• Prussian blue (Radiogardase) was approved by the Food and Drug Administration (FDA) in 2003 but is still difficult to obtain for pharmaceutical use in the United States. However, it has been obtained from The Oak Ridge Institute for Science and Education and the Radiation Emergency Assistance Center (REAC) in Oak Ridge, Tennessee. In addition, successful therapy using the laboratory reagent of Prussian blue has been documented in the United States.[24, 26]
  • In patients in whom Prussian blue cannot be obtained and thallium poisoning is suspected, multidose activated charcoal may be effective. Because thallium undergoes enterohepatic and enteroenteric recirculation, repeated charcoal administration (0.25-0.5 g/kg q2-4h) may enhance fecal elimination.
  • Forced diuresis with potassium loading was previously recommended to increase the renal clearance of thallium, but this may exacerbate the neurologic and cardiovascular symptoms and is no longer advised.
  • Chelating agents such as EDTA, dimercaprol, and D-penicillamine have not been shown to be effective and should be avoided.
  • The usefulness of hemodialysis and hemoperfusion is controversial, but they may be useful during early thallium poisoning before extensive distribution within the body tissues has occurred.[27, 28, 29]
  • N -acetylcysteine and l-cysteine have not been shown to be effective in reducing mortality in animal models.


See the list below:

  • Consultation with a regional poison control center or medical toxicologist may be of benefit.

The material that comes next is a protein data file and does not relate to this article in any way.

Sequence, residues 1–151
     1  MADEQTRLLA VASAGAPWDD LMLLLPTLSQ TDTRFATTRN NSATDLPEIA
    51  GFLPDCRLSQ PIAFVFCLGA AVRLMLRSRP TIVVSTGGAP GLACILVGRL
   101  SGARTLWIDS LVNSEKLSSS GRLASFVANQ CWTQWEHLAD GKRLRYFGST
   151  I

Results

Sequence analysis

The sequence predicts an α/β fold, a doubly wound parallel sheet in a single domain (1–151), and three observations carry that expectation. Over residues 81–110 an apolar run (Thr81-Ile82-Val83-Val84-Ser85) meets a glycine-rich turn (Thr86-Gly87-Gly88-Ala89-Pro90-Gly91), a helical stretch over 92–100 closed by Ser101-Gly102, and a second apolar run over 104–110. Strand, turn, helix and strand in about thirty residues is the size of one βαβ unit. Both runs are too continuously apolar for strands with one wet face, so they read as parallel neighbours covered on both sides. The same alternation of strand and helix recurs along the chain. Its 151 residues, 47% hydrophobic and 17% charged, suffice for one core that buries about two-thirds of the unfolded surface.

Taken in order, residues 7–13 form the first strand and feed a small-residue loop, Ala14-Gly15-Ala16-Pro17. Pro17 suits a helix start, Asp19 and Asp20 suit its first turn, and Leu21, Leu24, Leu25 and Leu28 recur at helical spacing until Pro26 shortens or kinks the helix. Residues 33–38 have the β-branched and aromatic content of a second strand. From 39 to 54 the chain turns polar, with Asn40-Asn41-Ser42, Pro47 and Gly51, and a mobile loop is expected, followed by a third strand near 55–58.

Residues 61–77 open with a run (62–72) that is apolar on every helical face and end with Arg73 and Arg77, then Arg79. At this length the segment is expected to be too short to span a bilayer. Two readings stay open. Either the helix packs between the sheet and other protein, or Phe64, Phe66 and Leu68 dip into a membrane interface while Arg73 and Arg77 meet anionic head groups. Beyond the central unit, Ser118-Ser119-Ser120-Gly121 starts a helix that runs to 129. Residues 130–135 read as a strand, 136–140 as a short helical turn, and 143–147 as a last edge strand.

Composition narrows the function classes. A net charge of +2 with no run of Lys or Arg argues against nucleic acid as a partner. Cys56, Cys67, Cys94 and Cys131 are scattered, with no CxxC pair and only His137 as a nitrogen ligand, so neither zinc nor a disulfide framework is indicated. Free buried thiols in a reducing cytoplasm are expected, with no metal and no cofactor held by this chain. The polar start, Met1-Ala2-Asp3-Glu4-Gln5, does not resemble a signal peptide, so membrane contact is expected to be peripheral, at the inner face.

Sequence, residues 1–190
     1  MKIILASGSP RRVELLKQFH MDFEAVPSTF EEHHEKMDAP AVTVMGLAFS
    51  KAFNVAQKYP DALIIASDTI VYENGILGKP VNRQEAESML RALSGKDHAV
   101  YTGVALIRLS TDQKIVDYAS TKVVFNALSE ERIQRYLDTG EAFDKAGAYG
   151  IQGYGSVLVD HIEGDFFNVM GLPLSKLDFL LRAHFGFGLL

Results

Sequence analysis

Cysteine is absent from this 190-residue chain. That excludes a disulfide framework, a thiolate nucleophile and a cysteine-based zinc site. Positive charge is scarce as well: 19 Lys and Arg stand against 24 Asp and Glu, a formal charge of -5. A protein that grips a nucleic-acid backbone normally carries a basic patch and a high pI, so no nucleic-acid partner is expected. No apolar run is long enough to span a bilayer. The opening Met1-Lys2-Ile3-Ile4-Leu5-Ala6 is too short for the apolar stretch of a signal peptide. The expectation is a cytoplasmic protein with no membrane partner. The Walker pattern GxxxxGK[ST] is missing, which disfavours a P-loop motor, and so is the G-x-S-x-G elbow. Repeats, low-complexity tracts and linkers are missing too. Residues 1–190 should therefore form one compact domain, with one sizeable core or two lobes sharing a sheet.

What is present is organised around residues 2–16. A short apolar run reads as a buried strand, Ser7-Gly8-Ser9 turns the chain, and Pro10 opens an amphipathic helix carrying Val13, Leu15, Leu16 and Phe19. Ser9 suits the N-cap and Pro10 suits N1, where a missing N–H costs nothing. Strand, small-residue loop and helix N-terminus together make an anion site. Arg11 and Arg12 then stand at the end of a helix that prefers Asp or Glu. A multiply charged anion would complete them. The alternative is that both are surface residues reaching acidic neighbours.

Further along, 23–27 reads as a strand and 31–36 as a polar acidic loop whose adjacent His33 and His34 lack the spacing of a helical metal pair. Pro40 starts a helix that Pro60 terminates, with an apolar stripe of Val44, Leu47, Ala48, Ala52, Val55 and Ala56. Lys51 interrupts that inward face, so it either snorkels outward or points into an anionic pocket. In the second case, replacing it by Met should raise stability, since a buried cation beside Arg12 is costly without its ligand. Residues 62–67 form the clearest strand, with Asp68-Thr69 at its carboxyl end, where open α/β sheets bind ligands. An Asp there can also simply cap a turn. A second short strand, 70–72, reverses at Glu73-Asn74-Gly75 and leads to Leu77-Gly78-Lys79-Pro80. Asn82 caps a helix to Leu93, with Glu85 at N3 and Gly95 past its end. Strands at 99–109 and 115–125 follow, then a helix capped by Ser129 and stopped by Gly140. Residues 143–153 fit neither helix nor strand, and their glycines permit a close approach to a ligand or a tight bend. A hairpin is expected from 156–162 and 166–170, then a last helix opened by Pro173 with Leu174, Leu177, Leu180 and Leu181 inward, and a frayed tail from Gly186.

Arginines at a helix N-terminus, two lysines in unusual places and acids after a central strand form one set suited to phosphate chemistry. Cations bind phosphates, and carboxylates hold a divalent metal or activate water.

Contributor Information and Disclosures

Chip Gresham, MD, FACEM Emergency Medicine Physician and Medical Toxicologist, Department of Emergency Medicine, Clinical Director of Medication Safety, Middlemore Hospital; Senior Lecturer, Auckland University Medical School, New Zealand

Chip Gresham, MD, FACEM is a member of the following medical societies: American College of Emergency Physicians, American College of Medical Toxicology, Society for Academic Emergency Medicine, Emergency Medicine Residents' Association

Disclosure: Nothing to disclose.


Emma A Lawrey, MBChB, Dip Paeds, PG Cert ClinEd, FACEM Emergency Medicine Consultant and Clinical Toxicology Fellow, Department of Emergency Medicine, Middlemore Hospital, New Zealand

Emma A Lawrey, MBChB, Dip Paeds, PG Cert ClinEd, FACEM is a member of the following medical societies: Australasian College for Emergency Medicine

Disclosure: Nothing to disclose.

Specialty Editor Board

Francisco Talavera, PharmD, PhD Adjunct Assistant Professor, University of Nebraska Medical Center College of Pharmacy; Editor-in-Chief, Medscape Drug Reference

Disclosure: Received salary from Medscape for employment. for: Medscape.

John G Benitez, MD, MPH Associate Professor, Department of Medicine, Medical Toxicology, Vanderbilt University Medical Center; Managing Director, Tennessee Poison Center